GA, not airlines, is Blackpool’s future

+VIDEO General Aviation, not commercial air transport, is the future of Blackpool Airport, according to a new report by consultants York Aviation.

The comprehensive report sets out the best opportunities to revive and secure the future of Blackpool Airport.

Passenger air transport would require such a high investment in facilities and staffing that it would require 1.5 million passengers per year to break even. The most the airport have ever managed is half that.

York Aviation identifies the main opportunities for future growth potential as:

    • Growth of existing areas of core business, particularly general aviation activity and flying tuition
    • Continuation of the contract for helicopter offshore operations
    • Creation of further opportunities for corporate and executive aviation activity, providing additional revenue for the airport
    • Opportunities to attract substantial aircraft maintenance repair and operational activity, with the main focus on smaller executive jet-type aircraft, bringing rent, movement and fuel income
    • Replacing old hangars with new build hangars located closer to the runway to increase capacity and income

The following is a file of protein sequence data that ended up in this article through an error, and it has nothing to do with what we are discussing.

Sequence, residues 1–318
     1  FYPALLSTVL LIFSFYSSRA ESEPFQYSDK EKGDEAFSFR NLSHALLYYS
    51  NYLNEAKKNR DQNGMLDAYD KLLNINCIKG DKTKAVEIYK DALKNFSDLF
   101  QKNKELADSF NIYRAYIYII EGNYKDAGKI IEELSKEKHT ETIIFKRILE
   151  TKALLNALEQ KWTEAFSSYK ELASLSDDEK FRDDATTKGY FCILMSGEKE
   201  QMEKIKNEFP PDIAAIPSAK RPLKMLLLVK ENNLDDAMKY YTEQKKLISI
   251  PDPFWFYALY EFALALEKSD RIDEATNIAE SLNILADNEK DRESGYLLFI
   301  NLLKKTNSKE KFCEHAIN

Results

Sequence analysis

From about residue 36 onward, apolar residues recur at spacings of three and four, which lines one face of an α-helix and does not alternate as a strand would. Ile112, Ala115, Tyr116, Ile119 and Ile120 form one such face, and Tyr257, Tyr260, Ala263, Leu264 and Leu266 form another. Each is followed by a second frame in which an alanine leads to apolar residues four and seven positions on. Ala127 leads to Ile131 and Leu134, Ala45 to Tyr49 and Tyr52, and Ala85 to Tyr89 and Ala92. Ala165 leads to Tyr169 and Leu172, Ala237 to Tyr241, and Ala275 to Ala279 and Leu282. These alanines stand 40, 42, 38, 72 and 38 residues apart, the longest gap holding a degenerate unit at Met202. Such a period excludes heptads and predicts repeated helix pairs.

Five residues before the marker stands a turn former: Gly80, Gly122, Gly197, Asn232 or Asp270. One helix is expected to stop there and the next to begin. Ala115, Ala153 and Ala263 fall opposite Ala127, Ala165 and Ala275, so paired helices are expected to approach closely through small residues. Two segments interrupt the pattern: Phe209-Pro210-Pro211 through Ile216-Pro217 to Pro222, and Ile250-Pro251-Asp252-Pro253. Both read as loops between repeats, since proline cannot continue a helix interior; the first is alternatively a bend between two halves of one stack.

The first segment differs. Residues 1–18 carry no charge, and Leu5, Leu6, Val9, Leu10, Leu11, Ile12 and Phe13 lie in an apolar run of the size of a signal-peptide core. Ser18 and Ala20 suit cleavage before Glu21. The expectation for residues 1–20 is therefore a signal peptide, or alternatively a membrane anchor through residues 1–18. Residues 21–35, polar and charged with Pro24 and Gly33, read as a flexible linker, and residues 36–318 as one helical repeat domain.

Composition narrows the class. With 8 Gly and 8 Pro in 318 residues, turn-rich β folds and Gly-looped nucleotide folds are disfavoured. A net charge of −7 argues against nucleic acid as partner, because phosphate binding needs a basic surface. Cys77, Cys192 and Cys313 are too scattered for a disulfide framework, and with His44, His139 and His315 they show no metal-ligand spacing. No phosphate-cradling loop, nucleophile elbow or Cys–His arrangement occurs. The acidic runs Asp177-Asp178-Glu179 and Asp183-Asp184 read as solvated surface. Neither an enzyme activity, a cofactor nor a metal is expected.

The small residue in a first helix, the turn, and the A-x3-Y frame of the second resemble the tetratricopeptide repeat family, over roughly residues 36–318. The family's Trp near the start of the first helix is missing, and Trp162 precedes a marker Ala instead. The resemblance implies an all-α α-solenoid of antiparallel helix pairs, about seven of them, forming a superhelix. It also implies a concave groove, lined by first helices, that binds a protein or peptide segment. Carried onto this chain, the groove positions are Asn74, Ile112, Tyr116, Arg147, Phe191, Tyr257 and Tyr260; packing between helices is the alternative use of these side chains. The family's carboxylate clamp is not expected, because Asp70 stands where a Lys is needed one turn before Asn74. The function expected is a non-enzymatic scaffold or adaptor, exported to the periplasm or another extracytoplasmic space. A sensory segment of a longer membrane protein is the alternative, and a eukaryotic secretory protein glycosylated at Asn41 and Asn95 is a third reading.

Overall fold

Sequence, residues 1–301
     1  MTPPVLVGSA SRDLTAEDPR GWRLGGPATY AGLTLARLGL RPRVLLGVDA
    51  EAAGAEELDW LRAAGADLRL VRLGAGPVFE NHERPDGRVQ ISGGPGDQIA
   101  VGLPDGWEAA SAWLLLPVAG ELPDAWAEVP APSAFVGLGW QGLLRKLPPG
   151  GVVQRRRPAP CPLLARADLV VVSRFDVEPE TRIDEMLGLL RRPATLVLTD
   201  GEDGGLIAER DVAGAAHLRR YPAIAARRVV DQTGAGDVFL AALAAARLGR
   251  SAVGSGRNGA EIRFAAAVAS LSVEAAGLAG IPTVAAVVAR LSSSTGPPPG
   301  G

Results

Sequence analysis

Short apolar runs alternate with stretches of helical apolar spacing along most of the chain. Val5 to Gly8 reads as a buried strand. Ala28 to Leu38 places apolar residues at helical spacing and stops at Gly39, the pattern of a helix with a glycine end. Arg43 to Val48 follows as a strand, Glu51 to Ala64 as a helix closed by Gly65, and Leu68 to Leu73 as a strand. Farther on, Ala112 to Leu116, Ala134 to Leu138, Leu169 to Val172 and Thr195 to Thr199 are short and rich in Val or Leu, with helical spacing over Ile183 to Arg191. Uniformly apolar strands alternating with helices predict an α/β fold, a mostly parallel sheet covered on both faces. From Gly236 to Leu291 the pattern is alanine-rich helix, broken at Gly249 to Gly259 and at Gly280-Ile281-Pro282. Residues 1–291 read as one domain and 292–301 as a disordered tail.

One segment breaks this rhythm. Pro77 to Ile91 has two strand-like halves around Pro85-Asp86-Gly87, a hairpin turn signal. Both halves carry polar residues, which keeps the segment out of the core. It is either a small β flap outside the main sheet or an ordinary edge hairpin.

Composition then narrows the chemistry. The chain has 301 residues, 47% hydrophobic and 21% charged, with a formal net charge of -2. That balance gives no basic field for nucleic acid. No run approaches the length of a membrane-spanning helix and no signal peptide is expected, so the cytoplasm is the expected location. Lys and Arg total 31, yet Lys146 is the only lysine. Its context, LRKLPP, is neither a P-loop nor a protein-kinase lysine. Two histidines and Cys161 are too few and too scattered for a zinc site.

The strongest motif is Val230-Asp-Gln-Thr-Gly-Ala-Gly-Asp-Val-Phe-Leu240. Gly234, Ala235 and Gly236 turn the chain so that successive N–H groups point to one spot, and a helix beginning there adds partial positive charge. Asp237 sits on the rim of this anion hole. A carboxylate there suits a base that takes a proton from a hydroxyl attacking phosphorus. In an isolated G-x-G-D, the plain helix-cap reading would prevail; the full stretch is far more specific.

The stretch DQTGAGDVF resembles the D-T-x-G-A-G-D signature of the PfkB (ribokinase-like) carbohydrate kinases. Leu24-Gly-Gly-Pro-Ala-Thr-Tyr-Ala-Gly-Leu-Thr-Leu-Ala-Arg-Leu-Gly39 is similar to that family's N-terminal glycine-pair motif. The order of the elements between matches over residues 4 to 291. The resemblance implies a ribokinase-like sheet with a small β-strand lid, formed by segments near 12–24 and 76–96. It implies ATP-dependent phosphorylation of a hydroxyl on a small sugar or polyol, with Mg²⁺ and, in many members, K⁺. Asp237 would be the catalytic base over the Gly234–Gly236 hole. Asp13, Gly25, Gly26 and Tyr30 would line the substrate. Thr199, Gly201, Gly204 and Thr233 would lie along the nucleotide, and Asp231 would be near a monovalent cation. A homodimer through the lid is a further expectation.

• Opening up attractive development land fronting Squires Gate Lane
    • Development of an on-site café with airside views.

A summary of the report will be considered on Monday 5 November by Blackpool Council, which owns the airport.

Based on York’s recommendations, two wholly-owned Council companies, Squires Gate Operations Ltd (SGAOL), which looks after airport operations, and Blackpool Airport Properties Ltd (BAPL), which looks after the airport’s land and property on the 400-acre site, will be responsible for preparing and implementing a detailed business plan that will help to map out the long-term future for the airport.

Cllr Mark Smith, Cabinet Member for Regeneration, Enterprise and Economic Development, for Blackpool Council said, “The York Aviation report provides clear guidance for future marketing opportunities and identifies priorities for investment. It gives an invaluable steer on management roles and responsibilities to enable a long term, sustainable, operational airport and the successful delivery of the overall Enterprise Zone.

“At this stage, it is clear that the reintroduction of commercial flights is not financially viable. Similarly, the operation of smaller services such as flights to the Isle of Man, Dublin and Belfast, would break even at best. If we are to maintain an operational airport in Blackpool it is critical that we take heed of the financial reality.

“Our focus and dedication is to support the business sectors already operating and to promote opportunities for new growth for the airport.”

Blackpool Airport